Aquaman has been making waves all over the world on its way to a big domestic opening this weekend. Its financial performance comes as a surprise to those who believed the character was too whacky and cheesy for mainstream audiences. For James Wan, however, owning all of that crazy mythology was the only path to creative success.
“What makes Aquaman so enduring to me and to a lot of people is all the sort of weird and wonderful stuff in his world,” the director tells Batman News (via our sister site Superhero News). “I honestly felt like that would be a mistake if I was to lean away from that. That wouldn’t have been the movie I wanted to make.
“This is the movie that I wanted, to take all of the elements that people would make fun of and show it to them again and say, ‘Okay, you think that version’s funny, but have a look at this version because I believe there is a cool version of this.’”
Long-time fans of the comics are going to love just how much Aquaman Wan was able to fit into Aquaman. Arthur Curry, Mera, King Orm, Black Manta, the Trench, and many more are all in there. Wan is too superstitious to talk about a sequel, but he made sure to give moviegoers as much as one film could handle.
“Origin stories are always hard to do because you have to introduce so many different characters,” he explains. “I don’t think fans would have forgiven me if I made an Aquaman movie and not had Black Manta in it. But the main story should not be Black Manta. The main story should be about the Throne of Atlantis and therefore your antagonist would be King Orm.”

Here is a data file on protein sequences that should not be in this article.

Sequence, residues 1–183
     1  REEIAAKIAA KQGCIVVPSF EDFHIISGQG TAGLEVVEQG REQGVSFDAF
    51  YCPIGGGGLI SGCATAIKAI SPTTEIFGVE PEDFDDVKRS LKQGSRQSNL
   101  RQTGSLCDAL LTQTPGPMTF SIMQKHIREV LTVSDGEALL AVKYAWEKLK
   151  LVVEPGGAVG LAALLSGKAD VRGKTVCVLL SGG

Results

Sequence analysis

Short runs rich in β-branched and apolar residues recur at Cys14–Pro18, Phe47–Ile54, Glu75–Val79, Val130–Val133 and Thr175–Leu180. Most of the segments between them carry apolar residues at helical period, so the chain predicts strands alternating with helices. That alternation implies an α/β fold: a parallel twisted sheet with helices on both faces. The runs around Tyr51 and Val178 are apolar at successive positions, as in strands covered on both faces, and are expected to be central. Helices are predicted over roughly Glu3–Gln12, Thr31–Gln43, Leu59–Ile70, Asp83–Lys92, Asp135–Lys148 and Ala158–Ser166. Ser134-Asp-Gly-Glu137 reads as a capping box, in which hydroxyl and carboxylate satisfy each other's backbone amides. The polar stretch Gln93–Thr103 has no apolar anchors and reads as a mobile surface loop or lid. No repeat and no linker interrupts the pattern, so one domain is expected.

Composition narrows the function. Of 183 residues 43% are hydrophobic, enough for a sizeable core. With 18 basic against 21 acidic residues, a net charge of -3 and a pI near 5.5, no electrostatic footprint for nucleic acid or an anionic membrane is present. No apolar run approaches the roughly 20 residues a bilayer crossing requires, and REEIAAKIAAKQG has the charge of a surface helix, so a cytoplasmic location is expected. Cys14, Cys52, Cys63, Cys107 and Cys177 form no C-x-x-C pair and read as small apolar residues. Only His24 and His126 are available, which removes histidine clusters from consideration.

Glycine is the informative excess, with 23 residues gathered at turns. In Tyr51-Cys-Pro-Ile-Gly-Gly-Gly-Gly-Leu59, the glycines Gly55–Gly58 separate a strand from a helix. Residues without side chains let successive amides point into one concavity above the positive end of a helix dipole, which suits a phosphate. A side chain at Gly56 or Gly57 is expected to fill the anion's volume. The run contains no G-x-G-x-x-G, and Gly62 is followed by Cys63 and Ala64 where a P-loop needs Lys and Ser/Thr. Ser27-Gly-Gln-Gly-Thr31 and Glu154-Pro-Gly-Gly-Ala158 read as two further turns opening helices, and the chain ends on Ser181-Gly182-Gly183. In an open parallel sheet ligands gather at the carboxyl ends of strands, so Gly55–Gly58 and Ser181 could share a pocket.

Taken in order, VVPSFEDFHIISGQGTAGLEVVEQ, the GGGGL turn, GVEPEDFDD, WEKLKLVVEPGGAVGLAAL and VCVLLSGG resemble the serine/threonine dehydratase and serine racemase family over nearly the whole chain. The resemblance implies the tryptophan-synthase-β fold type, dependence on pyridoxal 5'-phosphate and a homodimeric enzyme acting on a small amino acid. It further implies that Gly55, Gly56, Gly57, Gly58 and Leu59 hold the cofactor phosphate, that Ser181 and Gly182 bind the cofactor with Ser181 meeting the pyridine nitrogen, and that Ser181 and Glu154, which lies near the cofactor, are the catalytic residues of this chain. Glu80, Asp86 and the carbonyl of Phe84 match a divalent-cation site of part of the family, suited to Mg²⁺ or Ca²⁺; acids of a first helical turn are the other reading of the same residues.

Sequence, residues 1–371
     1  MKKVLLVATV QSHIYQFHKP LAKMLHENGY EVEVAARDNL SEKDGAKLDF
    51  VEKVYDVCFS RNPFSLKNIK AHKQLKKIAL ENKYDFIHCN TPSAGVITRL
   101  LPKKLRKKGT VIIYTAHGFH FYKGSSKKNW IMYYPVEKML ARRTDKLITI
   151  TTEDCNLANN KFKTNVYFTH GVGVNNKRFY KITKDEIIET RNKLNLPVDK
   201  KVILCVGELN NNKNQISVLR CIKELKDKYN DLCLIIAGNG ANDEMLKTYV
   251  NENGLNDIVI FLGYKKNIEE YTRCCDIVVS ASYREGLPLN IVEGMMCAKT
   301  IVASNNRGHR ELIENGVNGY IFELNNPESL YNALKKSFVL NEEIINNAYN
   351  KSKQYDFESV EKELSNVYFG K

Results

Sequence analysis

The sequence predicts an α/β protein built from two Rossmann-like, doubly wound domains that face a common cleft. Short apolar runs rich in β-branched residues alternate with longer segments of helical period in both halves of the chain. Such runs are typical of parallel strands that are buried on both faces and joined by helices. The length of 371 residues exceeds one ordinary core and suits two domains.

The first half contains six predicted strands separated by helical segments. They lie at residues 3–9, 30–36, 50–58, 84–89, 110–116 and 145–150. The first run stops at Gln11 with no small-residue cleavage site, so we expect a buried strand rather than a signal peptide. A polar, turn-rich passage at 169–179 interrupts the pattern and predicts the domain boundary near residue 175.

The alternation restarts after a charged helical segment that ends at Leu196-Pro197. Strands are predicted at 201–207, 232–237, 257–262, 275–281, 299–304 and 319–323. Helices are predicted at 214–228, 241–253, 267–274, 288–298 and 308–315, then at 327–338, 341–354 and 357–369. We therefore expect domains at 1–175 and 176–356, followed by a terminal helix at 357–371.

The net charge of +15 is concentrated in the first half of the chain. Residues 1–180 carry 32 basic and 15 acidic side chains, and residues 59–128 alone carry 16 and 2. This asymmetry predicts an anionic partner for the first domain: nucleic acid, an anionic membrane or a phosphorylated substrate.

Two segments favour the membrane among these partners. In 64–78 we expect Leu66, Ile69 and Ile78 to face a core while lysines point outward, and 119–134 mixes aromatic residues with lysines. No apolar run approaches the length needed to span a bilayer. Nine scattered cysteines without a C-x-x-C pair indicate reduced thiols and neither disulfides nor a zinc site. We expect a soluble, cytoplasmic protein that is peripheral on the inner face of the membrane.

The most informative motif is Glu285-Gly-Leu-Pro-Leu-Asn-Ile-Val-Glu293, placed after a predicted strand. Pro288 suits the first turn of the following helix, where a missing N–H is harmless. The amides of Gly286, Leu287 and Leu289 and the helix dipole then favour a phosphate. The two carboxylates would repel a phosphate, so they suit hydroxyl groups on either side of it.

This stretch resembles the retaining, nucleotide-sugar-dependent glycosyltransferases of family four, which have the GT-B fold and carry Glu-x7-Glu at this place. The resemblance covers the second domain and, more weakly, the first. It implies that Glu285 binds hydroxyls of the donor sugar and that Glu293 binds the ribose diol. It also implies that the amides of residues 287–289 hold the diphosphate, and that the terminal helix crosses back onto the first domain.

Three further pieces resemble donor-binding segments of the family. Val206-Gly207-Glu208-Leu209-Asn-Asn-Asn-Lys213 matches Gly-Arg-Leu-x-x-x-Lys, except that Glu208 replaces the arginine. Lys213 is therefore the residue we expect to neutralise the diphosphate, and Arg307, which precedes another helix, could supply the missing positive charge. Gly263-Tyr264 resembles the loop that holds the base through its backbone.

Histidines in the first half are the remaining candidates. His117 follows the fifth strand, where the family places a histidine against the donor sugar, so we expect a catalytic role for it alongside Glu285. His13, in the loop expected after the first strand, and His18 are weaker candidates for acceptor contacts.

There actually were a few things Wan pulled back, but there was only so much he felt comfortable leaving on the cutting room floor. “I just felt like there were all these laws and mythology in the comic book that I wanted to get in there,” he adds, “but get in there in such a way that it helps build the hero’s journey. It’s a full meal, believe me, but I’d rather give you a full meal than just an appetizer.”
Aquaman is indeed a feast for the eyes that also includes a little food for the soul. Domestic audiences will be served this Thursday night.